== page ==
Movement two begins with an un­derstated interlude that is reminiscent of the music of Bill Evans (1929-1980). Evans, the only pianist saluted twice in this concerto, affected me in the early stages of my musical development. Evan’s music is often compared to poetry-concise and elegant, with evocative imagery. “Salsamba,” the second half of move­ment two, offers a huge contrast in style by combining salsa and samba rhythms in the spirit and energetic Latin sound of New York pianist Eddie Palmiere. This multi Grammy award-winning pianist and composer has been performing with his own band since 1961. He is noted for his innovative approach to improvisation and his integration of Latin, jazz and fusion styles.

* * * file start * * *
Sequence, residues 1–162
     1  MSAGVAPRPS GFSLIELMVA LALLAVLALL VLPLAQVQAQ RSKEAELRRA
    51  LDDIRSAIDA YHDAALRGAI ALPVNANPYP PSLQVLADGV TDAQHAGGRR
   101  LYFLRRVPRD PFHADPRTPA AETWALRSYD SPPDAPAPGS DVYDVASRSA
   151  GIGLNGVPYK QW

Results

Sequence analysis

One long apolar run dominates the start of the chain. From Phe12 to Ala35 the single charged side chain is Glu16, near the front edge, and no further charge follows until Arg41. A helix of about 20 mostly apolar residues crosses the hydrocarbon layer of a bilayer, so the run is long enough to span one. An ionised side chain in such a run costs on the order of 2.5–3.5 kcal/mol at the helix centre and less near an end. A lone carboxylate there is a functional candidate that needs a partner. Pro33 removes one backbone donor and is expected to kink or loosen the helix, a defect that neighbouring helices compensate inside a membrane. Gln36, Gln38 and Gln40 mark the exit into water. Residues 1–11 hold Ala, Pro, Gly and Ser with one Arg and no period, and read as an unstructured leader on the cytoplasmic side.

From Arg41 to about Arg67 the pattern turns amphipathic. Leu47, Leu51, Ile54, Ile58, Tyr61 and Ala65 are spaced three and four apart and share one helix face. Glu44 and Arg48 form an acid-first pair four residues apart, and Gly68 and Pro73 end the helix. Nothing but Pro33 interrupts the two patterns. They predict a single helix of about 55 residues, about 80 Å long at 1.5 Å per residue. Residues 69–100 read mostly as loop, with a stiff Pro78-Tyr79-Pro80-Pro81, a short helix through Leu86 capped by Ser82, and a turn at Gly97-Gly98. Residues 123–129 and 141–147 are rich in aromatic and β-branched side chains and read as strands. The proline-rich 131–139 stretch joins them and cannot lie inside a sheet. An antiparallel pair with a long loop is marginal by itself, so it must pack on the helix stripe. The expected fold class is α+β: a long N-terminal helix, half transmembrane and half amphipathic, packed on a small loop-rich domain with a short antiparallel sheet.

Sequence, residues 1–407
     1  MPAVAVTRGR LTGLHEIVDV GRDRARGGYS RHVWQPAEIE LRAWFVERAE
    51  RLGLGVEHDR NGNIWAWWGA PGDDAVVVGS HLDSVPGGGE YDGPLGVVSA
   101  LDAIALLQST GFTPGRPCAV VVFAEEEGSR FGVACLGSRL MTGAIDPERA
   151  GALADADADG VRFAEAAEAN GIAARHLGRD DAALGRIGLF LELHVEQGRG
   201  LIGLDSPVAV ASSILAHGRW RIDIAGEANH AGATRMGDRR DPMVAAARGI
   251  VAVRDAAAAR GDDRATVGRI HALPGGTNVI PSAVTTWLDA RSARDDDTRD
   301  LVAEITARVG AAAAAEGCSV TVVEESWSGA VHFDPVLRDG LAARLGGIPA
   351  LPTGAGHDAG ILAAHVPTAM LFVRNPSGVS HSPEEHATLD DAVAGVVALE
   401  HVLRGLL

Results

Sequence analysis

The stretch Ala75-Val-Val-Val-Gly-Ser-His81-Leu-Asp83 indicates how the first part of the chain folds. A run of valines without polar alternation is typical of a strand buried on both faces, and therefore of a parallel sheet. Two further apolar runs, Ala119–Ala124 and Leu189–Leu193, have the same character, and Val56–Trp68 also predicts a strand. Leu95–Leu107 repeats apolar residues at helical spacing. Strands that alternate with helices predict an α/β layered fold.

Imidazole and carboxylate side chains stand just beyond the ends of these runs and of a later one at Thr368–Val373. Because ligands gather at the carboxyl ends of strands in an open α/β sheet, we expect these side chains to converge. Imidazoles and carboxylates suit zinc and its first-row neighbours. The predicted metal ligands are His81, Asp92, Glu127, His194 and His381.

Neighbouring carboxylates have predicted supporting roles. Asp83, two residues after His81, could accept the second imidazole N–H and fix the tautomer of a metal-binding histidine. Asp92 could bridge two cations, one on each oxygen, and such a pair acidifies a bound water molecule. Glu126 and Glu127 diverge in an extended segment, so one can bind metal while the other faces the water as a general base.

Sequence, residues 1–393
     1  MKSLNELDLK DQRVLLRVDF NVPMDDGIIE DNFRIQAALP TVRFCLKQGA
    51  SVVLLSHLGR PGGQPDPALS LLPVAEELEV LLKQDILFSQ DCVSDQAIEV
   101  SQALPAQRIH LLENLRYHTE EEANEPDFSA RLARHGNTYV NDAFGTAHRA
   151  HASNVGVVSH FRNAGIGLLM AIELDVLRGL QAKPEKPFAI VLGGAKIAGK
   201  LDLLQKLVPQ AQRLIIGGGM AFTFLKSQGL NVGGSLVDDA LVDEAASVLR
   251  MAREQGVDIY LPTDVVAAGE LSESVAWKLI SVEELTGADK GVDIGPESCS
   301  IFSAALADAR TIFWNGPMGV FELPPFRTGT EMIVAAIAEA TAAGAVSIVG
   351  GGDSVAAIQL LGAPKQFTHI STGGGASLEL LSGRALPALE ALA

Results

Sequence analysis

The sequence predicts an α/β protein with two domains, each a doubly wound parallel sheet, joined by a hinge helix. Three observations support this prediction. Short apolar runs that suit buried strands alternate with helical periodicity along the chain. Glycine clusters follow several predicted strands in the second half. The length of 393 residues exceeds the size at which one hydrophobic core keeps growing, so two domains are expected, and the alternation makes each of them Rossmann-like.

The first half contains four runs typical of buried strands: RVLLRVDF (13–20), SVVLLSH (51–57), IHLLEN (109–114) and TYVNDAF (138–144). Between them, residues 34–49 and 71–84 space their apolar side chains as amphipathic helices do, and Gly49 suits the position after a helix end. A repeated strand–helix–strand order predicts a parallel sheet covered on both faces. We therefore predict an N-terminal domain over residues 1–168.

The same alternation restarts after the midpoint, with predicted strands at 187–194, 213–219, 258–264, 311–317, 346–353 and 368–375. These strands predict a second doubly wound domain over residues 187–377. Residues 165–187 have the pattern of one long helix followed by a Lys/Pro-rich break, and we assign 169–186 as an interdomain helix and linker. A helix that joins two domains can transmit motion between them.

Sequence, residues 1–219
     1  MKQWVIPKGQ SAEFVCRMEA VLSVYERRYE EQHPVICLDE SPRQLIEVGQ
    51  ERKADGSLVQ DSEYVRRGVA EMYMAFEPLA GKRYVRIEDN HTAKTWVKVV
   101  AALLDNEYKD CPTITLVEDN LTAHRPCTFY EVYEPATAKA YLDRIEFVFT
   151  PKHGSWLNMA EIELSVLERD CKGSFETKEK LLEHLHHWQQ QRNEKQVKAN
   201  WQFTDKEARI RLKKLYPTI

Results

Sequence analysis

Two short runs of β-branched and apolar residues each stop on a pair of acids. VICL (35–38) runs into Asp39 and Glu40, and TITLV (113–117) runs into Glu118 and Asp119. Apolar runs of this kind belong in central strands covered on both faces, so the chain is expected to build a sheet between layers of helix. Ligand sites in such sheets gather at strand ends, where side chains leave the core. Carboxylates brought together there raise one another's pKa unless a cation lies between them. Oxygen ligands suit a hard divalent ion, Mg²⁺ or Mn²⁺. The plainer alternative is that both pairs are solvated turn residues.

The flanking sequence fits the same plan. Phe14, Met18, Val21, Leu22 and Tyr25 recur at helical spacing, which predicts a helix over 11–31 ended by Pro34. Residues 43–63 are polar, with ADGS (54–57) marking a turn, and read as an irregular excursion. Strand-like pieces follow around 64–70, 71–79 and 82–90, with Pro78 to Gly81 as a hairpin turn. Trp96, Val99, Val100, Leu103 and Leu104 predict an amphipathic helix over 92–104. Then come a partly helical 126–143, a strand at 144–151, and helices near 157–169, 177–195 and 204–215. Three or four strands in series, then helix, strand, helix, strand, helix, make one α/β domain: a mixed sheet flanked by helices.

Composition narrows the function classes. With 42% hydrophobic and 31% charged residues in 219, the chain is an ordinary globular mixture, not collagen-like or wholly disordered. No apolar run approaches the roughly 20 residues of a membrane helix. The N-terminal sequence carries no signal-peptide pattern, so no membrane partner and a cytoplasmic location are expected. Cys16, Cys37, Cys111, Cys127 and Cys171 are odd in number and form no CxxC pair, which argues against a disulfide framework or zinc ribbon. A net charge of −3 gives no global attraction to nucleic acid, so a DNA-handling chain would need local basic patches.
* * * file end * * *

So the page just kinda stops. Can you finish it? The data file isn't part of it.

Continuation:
The two sections of the third move­ment are “Caprice” for Dave Brubeck (b.1920-2012), and “Ballade” for Gil Evans (1912-1988). “Take Five” is probably Brubeck’s best-known tune. Like “Take Five,” “Caprice” is in 5/4 meter, but only the accompanying pattern in the second piano alludes to the well-known melody of Brubeck’s work. “Ballade” pays respect to one of the finest jazz piano/ar­rangers of all times. The rich harmonies and unusual orchestral combinations are all characteristic of Gil Evan’s transpar­ent, beautifully eerie reorganizations of familiar works. His work as arranger with Miles Davis in the late 1950s on the Sketches of Spain, Porgy and Bess, and Miles Ahead albums are considered masterpieces. I always admired his sparse but thoughtful piano work, as well as his col­orful synthesizer approach in the 1970s with his own eclectic and innovative bands. The piano solos in this section are a bit more energetic than Gil Evan’s own, but my purpose was to create an atmo­sphere that would be reminiscent of his overall aural landscape.